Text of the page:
Indian doctor: What we’re experiencing here with COVID is an “apocalypse”

She’s exaggerating, but only just. The country recorded — no typo — 386,452 cases of COVID today, a figure universally seen as a gross underestimate of the true number of infections due to the lack of testing in certain areas. The health-care system there is so crushed that retired medical professionals are being asked to come back to work to help India cope. Crematoriums and cemeteries are overwhelmed. Supplemental oxygen is scarce. Hospitals don’t have empty beds. Vaccines are so hard to come by that India is actually *closing* vax centers in the midst of a national emergency because there are no doses to deliver.

As horrendous as it is right now, the real terror lies in the fact that no one seems to have any sense of how much worse it might get. As Jonathan Last notes, the fact that India’s hospitals are overrun means that some unknown number of people who would have survived if they had received good medical care will end up dying, further ballooning the death toll.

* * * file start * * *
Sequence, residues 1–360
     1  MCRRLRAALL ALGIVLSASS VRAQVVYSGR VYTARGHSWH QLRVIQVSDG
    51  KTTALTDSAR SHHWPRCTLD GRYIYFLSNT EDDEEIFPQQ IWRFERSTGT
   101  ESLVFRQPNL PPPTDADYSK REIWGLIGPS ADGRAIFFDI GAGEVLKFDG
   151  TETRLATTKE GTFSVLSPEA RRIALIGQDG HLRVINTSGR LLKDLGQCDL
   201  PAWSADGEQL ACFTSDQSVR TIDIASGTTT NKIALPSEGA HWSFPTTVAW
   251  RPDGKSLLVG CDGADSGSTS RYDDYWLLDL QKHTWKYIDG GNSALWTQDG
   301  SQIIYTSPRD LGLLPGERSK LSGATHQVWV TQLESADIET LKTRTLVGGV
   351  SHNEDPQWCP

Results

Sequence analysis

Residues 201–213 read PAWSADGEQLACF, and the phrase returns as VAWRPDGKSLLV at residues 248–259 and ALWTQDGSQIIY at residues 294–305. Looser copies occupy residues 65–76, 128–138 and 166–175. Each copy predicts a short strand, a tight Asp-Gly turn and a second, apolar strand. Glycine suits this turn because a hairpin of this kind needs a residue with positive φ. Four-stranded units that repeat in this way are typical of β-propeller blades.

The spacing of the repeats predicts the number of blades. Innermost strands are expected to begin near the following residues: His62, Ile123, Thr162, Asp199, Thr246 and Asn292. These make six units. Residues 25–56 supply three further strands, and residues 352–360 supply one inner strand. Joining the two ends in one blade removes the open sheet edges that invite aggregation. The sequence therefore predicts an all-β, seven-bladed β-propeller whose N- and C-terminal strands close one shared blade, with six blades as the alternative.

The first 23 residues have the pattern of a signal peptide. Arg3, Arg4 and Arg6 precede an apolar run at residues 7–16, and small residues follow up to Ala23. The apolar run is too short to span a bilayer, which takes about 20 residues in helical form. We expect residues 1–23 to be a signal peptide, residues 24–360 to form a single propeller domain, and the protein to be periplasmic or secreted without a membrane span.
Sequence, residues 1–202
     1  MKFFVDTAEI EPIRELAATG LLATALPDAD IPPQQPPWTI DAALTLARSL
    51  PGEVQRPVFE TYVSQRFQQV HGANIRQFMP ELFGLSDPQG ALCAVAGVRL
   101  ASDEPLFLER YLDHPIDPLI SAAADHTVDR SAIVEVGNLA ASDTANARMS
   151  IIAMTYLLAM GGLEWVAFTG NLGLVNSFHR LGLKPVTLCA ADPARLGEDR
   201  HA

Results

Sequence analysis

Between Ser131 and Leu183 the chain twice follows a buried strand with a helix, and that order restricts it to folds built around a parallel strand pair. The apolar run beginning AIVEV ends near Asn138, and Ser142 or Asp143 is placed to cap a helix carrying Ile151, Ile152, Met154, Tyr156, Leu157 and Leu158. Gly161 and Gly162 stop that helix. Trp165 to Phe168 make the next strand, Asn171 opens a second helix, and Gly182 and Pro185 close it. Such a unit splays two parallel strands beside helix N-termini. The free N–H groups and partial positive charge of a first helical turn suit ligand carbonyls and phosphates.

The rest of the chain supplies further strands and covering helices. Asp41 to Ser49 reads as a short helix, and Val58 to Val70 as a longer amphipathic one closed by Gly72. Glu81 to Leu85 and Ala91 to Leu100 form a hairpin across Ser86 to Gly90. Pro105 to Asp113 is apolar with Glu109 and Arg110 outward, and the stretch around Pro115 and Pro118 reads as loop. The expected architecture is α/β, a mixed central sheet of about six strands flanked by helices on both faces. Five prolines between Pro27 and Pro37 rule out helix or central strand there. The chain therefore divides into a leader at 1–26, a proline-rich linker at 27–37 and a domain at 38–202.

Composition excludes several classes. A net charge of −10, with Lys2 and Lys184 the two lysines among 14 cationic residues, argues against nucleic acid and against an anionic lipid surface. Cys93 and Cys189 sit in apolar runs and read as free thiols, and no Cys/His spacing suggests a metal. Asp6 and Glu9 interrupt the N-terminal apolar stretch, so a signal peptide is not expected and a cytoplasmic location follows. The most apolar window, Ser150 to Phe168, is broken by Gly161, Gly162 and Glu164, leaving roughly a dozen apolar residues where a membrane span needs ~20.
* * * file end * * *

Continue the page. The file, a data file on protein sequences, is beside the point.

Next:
One doctor in charge of a COVID unit at a hospital in New Delhi spoke to CNN about the situation today, describing it as apocalyptic. She’s had the virus itself, as have her kids, as have her parents. At one point she says that hardly any households have been completely untouched. That’s how it feels when you read the news accounts, as if literally the entire country has been infected all at once. Watch, then read on.